John stopped and spun on his heels. "You can't continue to treat her badly and expect her to keep coming back for more. There is a thin line between love and hate, Sherlock."
Seeing the wounded look on his friend's face, John softened. "You really are the most clueless git in the world, aren't you?"
The Gibsons' townhouse was not what John Watson expected. From the outside it looked like any other home in the quiet and lovely neighborhood. But when Luciana De Silva opened the door for him and the detective, the doctor saw the inside was incredibly lavish.
Noticing his expression, Luciana leaned in. "This is nothing. You should see the country estate or the New York apartment."
"Is Miss Dunbar here?"
"She is in the game room, waiting for the children." The petite woman led them down a flight of stairs to a room equipped with a pool table and every type of gaming system connected to a large flat screen TV. In a large blue recliner sat a young woman.
John's first impression of Grace Dunbar was that one of a quiet country girl who was out of place in such an opulent home. She was of average height with long strawberry blonde hair that she wore parted on the side. The color of her cornflower blue eyes was lovely, but she had applied heavy black eyeliner to the point that they looked small and close together. She wore blue jeans, white Nikes, and a ruffled top that looked a little too fancy for someone spending the afternoon watching two children.
"This is Mr. Holmes and Dr. Watson. They have a few questions to ask you about Mrs. Gibson," Luciana said authoritatively.
The change in the girl was subtle, but Sherlock noticed how she folded her arms across her chest.
"Certainly, Ms. De Silva," she said woodenly. "John and Sophie are upstairs getting their coats for our bike ride."
Luciana nodded. "I will see to them while you talk."
After their client had left the room, Sherlock gave Grace an endearing smile.
"I know you want to be with the children, so we will not take keep you long," he said in one of the friendliest tones John had ever heard him fake. "You must be a great comfort to them during this terrible time."
The girl visibly relaxed. "Thank you. I'm going my best to keep things normal for them. What would you like to know?"
"How long have you worked for the Gibsons?"
"Eight months. Before that I was in school back home and worked part-time in a daycare."
"It must have been quite an adjustment to get used to London life," Sherlock said sympathetically.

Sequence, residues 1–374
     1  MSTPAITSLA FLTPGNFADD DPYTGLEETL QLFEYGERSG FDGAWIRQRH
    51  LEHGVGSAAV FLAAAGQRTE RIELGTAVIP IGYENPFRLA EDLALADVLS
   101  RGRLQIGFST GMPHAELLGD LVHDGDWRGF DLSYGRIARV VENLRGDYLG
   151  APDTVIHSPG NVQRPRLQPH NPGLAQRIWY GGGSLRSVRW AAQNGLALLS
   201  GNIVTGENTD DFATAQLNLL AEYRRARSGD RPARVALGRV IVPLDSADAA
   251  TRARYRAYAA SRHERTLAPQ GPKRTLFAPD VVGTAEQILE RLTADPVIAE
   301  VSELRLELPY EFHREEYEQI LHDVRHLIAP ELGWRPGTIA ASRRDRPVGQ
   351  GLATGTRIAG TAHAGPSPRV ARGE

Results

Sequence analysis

"Yes." Grace smiled slightly. "It was a big adjustment to leave my mum and my brothers."
"And your father?" John asked.
Her smile quickly faded. "Never knew the bloke."
Sherlock cleared his throat. "Tell me what you thought of Mrs. Gibson."
"I don't want to speak ill of the dead." Her voice trailed off demurely, but her eyes hardened.
"We just want the truth, Miss Dunbar," said John.
Grace studied her hands with interest. "Mrs. Gibson could be demanding. I've never seen a man work as hard as Mr. Gibson does, but Mrs. Gibson always complained. She didn't appreciate him at all."
Sherlock forced his expression to be one of shock. "But I heard Mr. Gibson was mean while his wife was kind and supportive."
"No! That's what his business enemies want you to think," she said angrily. "The truth is Neil is kind."
"Interesting," Sherlock stared at the ceiling as if he were working things out. "So Mr. Gibson would have no reason for wanting his wife dead."
"None at all," Grace said definitively. "He was on a Skype call when Mrs. Gibson went for her Sunday run."
"How do you know that if Sunday was your day out?" John asked.
She flushed, but unlike Molly's frequent blushes, Grace's was blotchy and unattractive. "Mr. Gibson must have told me about it the night before."
"Mr. Gibson is in the habit of discussing his business meetings with you?" Sherlock asked, pretending to be puzzled.
Flustered, the girl said, "We talk sometimes."
"Back to Mrs. Gibson. What else can you tell us about her," Sherlock said.
Grace drew herself up in her chair. "She thought very highly of herself. Always primping. Never passed a mirror without looking in it," the nanny said with a jealous tone.
"Some say she was a remarkably beautiful woman," John said nonchalantly.
Grace crossed her legs. "Perhaps. I never thought so."
"Just one more question, Miss Dunbar. What had you planned to do that Sunday?"
Grace smoothed down her hair. "Spend time with my friends. I have a room here of course, but I also share a flat with some girls. That's where I was. At my flat. All morning."
"Of course that all changed when you received that call from Mr. Gibson," the detective said compassionately.
Grace nodded. "Yes, of course. I came right over. John and Sophie needed me."
"It sounds like you must care very much for those dear children," Sherlock said.
"They are like my own kids."
"Thank you, Miss Dunbar. You have been ever so helpful. Oh excuse me!" Sherlock's mobile flew from his hand and landed at the girl's feet.
The detective and the nanny both knelt at the same time to pick it up. "Thank you so much," Sherlock said as she handed it to him. "Will you also be riding a bike with the children?"
"No," Grace said. "I'll be walking Roscoe, our terrier."
"Do the children have other pets? I hear they can be soothing during upsetting times."
The nanny smiled briefly. "No, we only have Roscoe."
"Thank you again," Sherlock said and pumped the girl's hand. "Have a good afternoon!"
As the girl ascended the stairs, Sherlock's countenance resumed its normal intense focus. "That is what I needed to know."
"She's obviously in love with Gibson," John whispered, "but I don't see how anything else she said could be of use to us."
"You see, but you don't observe. Come, John. We need to visit Lestrade."